Hosting a student placement

The School of Animal and Veterinary Sciences has developed strong partnerships with industry through research and engagement in student placements.

The school is seeking new industry partnerships to provide placement opportunity across our five programs.

Students in cattle yards

The five programs (degrees) within the school that require students to undertake placements are: 

  • Bachelor of Science (Animal Science)
  • Bachelor of Science (Animal Behaviour)
  • Bachelor of Veterinary Technology
  • Bachelor of Science (Veterinary Bioscience)
  • Doctor of Veterinary Medicine

There are several benefits for organisations in hosting our students:

  • Opportunity to share your experience and knowledge.
  • Opportunity to help shape our future animal scientists, animal behaviour experts, veterinary technologists and veterinarians.
  • Identify future employees.
  • Build networks with future graduates, research and academic staff.
  • Gain assistance in undertaking your day-to-day operations.

You must have an ABN, provide adequate supervision, run an induction and provide evidence of public liability insurance.

Paperwork

You will complete a once-off Terms & Conditions and COVID Site Assessment form.

For each placement, we will send you a Student Placement Agreement which contains school, student, placement and insurance information. The student will keep a diary of their activities on placement which the host supervisor signs on the last day to verify their attendance.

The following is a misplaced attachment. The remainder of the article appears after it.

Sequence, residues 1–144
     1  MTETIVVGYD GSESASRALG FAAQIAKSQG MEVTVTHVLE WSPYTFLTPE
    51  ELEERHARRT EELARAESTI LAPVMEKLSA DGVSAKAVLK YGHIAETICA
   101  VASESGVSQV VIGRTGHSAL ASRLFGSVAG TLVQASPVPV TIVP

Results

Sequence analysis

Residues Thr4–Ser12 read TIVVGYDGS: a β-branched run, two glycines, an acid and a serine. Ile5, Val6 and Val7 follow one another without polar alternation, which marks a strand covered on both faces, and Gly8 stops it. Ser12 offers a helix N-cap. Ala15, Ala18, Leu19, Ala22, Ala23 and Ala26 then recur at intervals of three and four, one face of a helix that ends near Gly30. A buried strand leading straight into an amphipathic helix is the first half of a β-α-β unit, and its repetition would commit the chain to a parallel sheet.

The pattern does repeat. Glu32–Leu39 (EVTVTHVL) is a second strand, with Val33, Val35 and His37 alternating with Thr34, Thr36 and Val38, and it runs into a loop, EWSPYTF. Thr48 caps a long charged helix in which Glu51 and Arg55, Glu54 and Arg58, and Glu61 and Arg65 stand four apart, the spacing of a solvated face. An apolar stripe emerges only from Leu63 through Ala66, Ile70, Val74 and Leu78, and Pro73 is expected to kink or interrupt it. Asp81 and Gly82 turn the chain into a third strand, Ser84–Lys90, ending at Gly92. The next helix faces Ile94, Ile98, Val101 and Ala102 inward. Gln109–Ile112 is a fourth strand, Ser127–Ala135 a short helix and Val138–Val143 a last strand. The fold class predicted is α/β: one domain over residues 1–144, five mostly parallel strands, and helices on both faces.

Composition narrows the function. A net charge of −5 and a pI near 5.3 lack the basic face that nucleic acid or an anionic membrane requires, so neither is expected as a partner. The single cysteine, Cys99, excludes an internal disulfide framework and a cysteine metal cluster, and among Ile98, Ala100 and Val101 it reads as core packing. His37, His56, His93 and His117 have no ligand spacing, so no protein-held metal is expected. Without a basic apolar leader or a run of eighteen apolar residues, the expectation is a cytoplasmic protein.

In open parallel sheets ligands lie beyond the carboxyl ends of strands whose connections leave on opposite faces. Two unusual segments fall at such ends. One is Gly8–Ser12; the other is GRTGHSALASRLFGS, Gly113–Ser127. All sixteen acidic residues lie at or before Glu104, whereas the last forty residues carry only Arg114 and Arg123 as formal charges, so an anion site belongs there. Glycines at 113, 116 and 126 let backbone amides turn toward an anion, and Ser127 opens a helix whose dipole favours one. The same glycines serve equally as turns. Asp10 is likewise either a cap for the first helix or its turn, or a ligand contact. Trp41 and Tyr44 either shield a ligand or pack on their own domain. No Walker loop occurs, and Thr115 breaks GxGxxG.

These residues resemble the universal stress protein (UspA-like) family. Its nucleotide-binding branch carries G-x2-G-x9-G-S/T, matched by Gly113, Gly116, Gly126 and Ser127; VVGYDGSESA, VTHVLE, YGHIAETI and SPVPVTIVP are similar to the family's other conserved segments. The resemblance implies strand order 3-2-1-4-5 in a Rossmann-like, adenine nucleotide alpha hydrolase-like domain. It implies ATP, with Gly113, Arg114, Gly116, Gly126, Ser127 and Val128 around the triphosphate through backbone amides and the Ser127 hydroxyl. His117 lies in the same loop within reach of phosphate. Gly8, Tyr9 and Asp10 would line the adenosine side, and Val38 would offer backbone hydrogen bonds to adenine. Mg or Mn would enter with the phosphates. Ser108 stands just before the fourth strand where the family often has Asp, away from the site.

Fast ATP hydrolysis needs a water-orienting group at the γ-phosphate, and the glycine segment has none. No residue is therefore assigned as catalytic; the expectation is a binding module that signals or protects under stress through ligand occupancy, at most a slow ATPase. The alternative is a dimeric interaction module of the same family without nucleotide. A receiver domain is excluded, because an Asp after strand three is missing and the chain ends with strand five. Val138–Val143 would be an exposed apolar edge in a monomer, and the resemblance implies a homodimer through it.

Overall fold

We ask the supervisor to complete a supervisor report at the end of the placement to give us feedback on the student’s performance. All forms are electronic and will be emailed to you.

The University maintains public liability insurance that will indemnify the host organisation for any negligent act, error or omission by the student during the period of the work placement. 

You will need to provide evidence of your organisations own Public Liability Insurance.

If you are interested in hosting students, you can submit your interest below.

If you have any further questions, contact the Placement Team below or via animalvetsci@adelaide.edu.au.

Kat Ingram Placement Coordinator 08 8313 7797 
Mandi Simpson Placement Support Officer 08 8313 7607
Rachel Davies Placement Support Officer 08 8313 7601
Narelle Presser Placement Support Officer 08 8313 9683

 

Placement requirements

  • Bachelor of Science (Animal Science)

    Bachelor of Science (Animal Science) students must complete 200 hours of work experience during their three-year degree. Animal science students must be vaccinated against Q-Fever.